Article from: The Asian Parent
Eczema affects about 20% of school-going children in Singapore and can often cause
flare-ups, inflammation and itchy skin.
Eczema is a very common condition, particularly in children, affecting up to 20% of
kids globally. The condition affects the skin, causing a red, itchy, flaky rash that can
occur on any part of the body. In children, it commonly appears on the face, arms and
The rashes are not necessarily always present; often they come and go. These are
often referred to as “flare-ups”.
When eczema occurs, the very outer layer of the skin called the stratum corneum of
the epidermis or the skin barrier, doesn’t function properly in keeping moisture in, and
In eczema skin, this barrier is porous or not tightly sealed, allowing irritants in and
provoking a reaction from those with an “over-sensitive” immune system. Common
symptoms include itch—which in kids may be extremely difficult because it means
scratching away at night with some leading to skin bleeding which eventually disrupts
sleep and negatively affects both the child’s and the parents’ quality of life.
Eczema tends to run in families so if one or both parents have it, there is a good
chance their child will have it.
Eczema may develop at any age, but typically in babies from 3-4 months old onwards;
some children will “grow out” of the condition as they get older. However, for others,
it is not the same—for reasons yet to be defined by science.
So, what should you do if your child develops a rash that doesn’t go away, or is itchy
and irritating? You should first bring your child to a doctor who can help identify the
nature of the rash. If it is diagnosed as eczema, the treatment will involve a two-step
1. Eczema in kids: The acute phase
In this phase, the condition usually flares up and the focus is on trying to get the
symptoms under control:
• There is an immune system reaction in eczema, which results in inflammation
of the skin. As such, steroid creams which are anti-inflammatory are often
used to control the inflammation. Many parents are afraid of the long-term
effects of steroids, but when used right, the risk of side effects can be
• To help soothe the dryness of the skin, you need to moisturise your child’s
skin regularly, as often as five times a day!
• To stop the itch, creams that combine cooling menthol with a moisturiser, help
to relieve the itch and break the itch-scratch cycle. This not only prevents
physical damage to the skin from excessive scratching but also means your
child will sleep better and suffer less stress.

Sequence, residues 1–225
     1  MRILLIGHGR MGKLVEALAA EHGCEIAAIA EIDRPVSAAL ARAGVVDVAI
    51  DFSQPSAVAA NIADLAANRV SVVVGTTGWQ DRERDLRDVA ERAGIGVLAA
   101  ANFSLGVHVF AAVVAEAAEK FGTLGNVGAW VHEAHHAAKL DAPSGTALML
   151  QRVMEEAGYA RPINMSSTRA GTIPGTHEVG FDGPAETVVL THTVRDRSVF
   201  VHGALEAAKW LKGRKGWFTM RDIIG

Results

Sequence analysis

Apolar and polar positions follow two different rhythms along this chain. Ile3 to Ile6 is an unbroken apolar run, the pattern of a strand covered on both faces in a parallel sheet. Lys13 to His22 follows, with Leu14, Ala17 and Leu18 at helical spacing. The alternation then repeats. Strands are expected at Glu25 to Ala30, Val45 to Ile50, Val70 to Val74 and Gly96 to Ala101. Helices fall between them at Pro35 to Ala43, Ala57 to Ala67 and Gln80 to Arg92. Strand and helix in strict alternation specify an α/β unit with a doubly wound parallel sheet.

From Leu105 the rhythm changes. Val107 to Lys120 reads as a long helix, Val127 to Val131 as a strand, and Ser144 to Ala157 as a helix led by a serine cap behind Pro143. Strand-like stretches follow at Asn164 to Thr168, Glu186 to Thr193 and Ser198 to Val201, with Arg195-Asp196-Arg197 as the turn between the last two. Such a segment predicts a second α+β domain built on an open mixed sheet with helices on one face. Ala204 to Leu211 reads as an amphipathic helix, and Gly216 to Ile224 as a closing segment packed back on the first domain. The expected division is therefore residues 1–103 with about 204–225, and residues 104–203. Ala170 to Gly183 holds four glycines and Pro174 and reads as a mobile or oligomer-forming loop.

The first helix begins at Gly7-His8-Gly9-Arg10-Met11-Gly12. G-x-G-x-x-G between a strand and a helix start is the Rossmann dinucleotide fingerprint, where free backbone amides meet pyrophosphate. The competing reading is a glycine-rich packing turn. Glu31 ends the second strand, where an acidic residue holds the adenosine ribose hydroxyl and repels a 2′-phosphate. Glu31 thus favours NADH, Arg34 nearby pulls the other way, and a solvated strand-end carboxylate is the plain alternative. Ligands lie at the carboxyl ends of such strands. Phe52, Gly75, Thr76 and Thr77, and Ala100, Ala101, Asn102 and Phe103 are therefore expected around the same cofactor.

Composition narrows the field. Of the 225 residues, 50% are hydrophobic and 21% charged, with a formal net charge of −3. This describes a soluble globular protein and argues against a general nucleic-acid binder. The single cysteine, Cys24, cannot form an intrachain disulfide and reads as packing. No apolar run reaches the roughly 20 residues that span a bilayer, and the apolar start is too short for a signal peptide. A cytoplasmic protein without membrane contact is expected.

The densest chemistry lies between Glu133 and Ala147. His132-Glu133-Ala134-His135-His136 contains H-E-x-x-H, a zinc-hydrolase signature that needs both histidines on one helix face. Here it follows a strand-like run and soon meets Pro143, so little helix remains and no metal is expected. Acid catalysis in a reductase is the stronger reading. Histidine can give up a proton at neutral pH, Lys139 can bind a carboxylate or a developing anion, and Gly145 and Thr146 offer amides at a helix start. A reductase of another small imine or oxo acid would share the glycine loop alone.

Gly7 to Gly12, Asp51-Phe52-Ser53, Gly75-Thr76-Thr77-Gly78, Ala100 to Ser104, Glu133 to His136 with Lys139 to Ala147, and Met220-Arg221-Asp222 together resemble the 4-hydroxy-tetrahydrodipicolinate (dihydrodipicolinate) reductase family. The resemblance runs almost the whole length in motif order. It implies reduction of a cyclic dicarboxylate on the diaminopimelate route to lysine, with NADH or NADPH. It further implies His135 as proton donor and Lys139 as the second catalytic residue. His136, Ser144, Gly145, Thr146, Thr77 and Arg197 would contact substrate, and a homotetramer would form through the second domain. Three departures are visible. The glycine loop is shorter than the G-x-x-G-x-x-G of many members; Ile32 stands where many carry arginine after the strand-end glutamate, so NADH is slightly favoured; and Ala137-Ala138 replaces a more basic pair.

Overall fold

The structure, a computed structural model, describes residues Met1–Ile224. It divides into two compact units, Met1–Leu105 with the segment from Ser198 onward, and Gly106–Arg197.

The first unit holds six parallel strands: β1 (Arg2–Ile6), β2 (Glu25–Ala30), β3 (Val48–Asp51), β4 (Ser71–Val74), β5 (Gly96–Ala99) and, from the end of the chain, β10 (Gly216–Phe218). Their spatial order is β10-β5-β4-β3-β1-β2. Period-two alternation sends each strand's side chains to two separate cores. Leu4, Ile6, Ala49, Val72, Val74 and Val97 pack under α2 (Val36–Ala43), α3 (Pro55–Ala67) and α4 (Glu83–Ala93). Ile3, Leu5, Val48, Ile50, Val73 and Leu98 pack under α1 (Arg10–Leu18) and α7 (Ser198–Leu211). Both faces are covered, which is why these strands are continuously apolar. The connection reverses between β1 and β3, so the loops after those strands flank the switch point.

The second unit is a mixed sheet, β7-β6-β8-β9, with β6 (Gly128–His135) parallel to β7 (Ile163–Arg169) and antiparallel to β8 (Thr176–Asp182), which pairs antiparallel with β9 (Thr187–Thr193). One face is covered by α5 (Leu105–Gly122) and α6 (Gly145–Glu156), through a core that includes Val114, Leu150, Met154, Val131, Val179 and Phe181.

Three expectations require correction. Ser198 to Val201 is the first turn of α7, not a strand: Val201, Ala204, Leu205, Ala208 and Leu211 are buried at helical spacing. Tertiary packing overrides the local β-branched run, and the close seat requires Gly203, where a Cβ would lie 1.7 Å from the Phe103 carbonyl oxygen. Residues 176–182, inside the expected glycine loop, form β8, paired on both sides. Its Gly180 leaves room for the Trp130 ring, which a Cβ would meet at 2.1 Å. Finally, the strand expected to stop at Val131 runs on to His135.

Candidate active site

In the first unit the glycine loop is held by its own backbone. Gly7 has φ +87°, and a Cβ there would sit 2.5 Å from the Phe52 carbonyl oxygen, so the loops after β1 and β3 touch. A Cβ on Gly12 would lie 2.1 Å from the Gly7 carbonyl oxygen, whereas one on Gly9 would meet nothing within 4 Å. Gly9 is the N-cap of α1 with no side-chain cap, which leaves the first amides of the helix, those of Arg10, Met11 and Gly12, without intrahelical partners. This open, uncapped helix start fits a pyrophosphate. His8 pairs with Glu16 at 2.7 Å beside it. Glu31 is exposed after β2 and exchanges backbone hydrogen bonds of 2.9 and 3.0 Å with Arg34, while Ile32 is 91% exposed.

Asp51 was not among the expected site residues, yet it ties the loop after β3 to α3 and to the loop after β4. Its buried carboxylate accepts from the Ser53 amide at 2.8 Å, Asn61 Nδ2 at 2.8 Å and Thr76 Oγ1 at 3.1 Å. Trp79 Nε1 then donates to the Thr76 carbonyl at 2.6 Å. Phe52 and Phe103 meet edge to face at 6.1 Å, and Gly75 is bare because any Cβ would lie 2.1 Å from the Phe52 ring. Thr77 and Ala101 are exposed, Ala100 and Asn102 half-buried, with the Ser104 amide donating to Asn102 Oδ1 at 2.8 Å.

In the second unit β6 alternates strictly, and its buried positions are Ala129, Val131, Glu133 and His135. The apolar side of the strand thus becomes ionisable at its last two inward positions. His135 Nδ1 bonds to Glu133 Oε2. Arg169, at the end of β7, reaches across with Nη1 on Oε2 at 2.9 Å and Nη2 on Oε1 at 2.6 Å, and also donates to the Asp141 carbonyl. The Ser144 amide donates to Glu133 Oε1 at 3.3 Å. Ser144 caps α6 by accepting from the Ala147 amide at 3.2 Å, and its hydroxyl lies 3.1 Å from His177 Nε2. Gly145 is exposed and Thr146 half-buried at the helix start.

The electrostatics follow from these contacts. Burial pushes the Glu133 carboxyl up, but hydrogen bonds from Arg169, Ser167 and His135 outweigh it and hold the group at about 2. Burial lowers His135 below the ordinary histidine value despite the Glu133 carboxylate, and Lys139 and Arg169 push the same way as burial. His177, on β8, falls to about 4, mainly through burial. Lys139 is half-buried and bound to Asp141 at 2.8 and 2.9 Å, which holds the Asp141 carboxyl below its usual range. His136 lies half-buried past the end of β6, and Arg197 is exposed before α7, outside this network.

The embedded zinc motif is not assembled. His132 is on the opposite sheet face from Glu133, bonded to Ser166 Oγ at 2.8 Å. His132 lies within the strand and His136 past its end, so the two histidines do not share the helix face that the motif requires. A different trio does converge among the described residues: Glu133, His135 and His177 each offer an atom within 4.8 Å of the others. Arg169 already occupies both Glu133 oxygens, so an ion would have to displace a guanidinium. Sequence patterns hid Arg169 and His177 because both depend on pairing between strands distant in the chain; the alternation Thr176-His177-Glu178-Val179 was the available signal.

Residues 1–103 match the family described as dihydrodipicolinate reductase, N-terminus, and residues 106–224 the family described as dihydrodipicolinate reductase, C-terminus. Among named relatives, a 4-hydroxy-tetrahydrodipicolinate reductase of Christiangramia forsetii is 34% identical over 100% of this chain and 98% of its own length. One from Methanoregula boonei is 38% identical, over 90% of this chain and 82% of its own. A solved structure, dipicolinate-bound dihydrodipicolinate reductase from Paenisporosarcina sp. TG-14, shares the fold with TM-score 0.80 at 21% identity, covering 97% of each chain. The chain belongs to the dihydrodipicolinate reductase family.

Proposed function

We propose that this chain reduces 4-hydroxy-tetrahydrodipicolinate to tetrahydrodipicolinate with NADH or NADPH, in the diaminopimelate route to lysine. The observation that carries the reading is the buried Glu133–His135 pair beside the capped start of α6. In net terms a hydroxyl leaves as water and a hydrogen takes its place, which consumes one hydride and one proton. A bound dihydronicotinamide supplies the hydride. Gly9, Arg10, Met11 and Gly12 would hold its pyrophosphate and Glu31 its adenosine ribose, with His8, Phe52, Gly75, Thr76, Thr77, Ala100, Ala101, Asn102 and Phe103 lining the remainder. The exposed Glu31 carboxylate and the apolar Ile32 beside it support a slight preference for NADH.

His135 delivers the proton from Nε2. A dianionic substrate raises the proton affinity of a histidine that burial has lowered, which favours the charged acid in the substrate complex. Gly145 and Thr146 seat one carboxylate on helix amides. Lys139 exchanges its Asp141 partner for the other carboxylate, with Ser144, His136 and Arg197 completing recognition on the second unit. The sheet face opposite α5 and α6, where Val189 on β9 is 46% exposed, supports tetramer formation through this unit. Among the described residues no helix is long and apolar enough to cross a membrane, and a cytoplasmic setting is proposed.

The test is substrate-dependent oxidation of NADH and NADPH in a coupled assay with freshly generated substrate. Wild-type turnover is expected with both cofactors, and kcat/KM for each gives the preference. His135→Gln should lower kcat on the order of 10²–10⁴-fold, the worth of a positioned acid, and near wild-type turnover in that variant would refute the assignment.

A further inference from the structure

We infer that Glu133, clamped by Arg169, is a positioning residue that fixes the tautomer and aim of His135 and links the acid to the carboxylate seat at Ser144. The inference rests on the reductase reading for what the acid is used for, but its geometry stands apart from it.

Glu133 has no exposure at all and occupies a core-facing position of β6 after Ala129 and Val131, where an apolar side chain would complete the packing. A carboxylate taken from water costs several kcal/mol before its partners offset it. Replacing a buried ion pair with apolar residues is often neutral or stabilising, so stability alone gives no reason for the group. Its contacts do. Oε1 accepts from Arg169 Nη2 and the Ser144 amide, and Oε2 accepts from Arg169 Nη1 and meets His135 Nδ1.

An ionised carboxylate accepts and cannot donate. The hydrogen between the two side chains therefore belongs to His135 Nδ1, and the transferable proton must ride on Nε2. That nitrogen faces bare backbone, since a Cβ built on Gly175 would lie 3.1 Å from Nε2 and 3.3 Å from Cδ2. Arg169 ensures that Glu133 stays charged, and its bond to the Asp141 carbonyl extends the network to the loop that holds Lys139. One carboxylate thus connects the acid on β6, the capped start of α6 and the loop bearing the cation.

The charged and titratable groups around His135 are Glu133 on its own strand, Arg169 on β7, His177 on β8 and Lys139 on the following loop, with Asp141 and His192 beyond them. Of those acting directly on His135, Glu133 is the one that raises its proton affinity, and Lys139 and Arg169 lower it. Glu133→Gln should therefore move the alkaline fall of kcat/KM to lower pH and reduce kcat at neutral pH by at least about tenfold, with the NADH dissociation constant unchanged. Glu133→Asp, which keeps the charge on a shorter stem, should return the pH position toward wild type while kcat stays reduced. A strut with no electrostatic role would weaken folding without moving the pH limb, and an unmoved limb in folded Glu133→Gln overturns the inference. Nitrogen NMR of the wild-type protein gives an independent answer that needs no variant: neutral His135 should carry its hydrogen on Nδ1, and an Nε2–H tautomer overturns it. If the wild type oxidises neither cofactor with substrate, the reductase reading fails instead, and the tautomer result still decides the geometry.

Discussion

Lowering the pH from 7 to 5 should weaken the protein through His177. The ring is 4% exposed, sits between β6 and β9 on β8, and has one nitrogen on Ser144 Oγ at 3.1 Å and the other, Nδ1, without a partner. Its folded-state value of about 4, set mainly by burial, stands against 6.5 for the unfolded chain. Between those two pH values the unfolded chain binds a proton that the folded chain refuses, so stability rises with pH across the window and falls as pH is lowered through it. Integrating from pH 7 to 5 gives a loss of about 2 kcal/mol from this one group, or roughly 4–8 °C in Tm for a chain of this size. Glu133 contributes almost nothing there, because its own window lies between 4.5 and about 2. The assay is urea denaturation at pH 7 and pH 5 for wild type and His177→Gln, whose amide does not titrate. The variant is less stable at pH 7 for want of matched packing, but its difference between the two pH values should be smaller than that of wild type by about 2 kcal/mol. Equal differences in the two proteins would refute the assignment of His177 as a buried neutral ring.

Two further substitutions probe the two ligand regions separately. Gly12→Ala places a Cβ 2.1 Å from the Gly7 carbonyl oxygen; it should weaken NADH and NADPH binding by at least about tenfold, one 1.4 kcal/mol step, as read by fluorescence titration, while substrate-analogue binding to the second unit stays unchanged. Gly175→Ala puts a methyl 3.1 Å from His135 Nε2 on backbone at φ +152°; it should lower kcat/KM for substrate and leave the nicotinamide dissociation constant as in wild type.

• If there is a skin infection, then an antibiotic may be required.
• If the flare-up is severe, then more intense therapy may be required and your
child may have to be referred to a dermatologist for specialist care.
2. Eczema in kids: The chronic phase
In this phase, we try to reduce or prevent flare-ups from occurring. While no cure has
yet been found for eczema, there are strategies (other than any prescription medicines
that your doctor might prescribe) that minimise the frequency of flare-ups, such as:
• Moisturise regularly
In between flare-ups, the skin barrier is still defective and vulnerable to irritants, thus
using a moisturiser daily (at least twice a day) is advised. Moisturisers containing
ceramides are particularly effective, because eczema skin is lacking in ceramides
(ceramides are substances normally present in the skin, are key to the normal
functioning of the skin barrier). As such, applying ceramide to the skin helps to
restore the barrier to its healthy state, where it can resist irritants and retain moisture.
• Use a gentle body wash or cleanser
Harsh soap is not recommended for eczema skin as it tends to have alkaline, which
can promote the growth of bacteria on the skin. As such, when choosing a body wash
or cleanser, check that the product has a slightly acidic pH of between 5 and 6.5. Note
that many body washes contain ingredients—such as sodium lauryl sulfate,
perfumes/fragrance and parabens—that are potentially irritating to eczema skin.
Choose body washes that are free of irritants that are gentler on the skin such as Suu
Balm Kids Body Wash.
• Minimise exposure to triggers of your child’s eczema
This is important, but very hard to do! In general, reducing stress is important (try to
create a happy, positive environment for your child), but also identifying any potential
food triggers and avoiding these foods, using gentle detergents, reducing dust in the
home, keeping a stable temperature in the home, and reducing exposure to pollution
are all positive steps you can take to reduce exposure to triggers.
Finally, be reassured that you are not alone. Eczema is a common condition and there
are many parents out there who are also dealing with it. There are various patient
support groups that have the necessary tools and resources for optimising your child’s
care, and also provide emotional support.
This article was contributed by Dr John O’Shea, Co-Founder of Good Pharma
Dermatology. Good Pharma Dermatology produces a brand of consumer healthcare
products, including Suu Balm.
Shreya Jagdish from The Asian Parent